DNA demethylation is directly related to tumour progression: Evidence in normal, pre-malignant and malignant cells from uterine cervix samples

Adriana De Capoa, Angelina Musolino, Simonetta Della Rosa, Paola Caiafa, Luciano Mariani, Franca Del Nonno, Amina Vocaturo, Raffaele Perrone Donnorso, Alain Niveleau, Claudio Grappelli

Research output: Contribution to journalArticlepeer-review

Abstract

A computer-assisted assay based on the quantitative analysis of DNA methylation in individual interphase nuclei by indirect immunolabelling with anti-5-methylcytosine antibodies was recently developed in our laboratory. In situ analyses were performed on individual nuclei from normal and experimentally hypo- or hypermethylated cultured cells as well as on human peripheral blood B-lymphocytes from normal and chronic lymphoid leukemia (CLL) samples. We present the results obtained on cells from patients affected by different degrees of preneoplastic or neoplastic changes of the uterine cervix as compared to normal controls. The analysis of DNA methylation in individual cells from cytofuge samples was performed as follows: within each nucleus the eu- and heterochromatin methylation levels were quantified in the grey scale range by dedicated software in terms of numbers, areas and optical densities (ODs) of the immunolabeled dense heterochromatic regions ('spots'), and of the optical density of nuclear background, i.e., of nuclear euchromatin. Analogously, in randomly chosen microscope fields of tissue sections from paraffin-embedded samples, progressive tissue demethylation was observed in dysplastic and cancer cells as compared to normal ones. Both methods showed significant and progressive DNA hypomethylation in dysplastic and cancer cells as compared to control specimens.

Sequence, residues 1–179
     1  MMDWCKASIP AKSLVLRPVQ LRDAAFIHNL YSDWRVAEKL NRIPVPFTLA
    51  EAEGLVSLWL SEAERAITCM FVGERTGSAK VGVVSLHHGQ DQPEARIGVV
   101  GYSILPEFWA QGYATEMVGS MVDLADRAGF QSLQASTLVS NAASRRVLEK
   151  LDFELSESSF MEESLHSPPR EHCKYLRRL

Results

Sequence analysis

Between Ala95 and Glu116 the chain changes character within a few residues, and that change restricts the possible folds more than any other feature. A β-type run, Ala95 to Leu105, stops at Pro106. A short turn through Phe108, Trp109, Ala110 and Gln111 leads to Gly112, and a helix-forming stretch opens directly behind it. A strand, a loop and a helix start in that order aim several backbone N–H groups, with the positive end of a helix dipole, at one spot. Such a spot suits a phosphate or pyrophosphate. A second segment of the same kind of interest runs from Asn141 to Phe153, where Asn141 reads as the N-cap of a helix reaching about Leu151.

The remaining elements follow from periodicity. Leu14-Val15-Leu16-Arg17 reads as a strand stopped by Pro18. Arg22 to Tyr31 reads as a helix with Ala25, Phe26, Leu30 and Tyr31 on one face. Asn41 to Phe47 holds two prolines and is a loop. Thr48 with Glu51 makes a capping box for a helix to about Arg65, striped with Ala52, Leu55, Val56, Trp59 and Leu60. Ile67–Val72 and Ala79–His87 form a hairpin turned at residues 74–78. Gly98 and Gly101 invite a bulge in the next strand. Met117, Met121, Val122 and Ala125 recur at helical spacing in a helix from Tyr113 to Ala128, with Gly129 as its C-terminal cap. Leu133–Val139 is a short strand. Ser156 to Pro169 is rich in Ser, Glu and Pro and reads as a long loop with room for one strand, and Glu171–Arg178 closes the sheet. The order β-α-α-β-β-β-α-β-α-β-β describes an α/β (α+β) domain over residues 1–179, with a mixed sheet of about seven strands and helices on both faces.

Original languageEnglish
Pages (from-to)545-549
Number of pages5
JournalOncology Reports
Volume10
Issue number3
Publication statusPublished - May 2003

Keywords

  • DNA demethylation
  • Uterine cervix

ASJC Scopus subject areas

  • Cancer Research
  • Oncology

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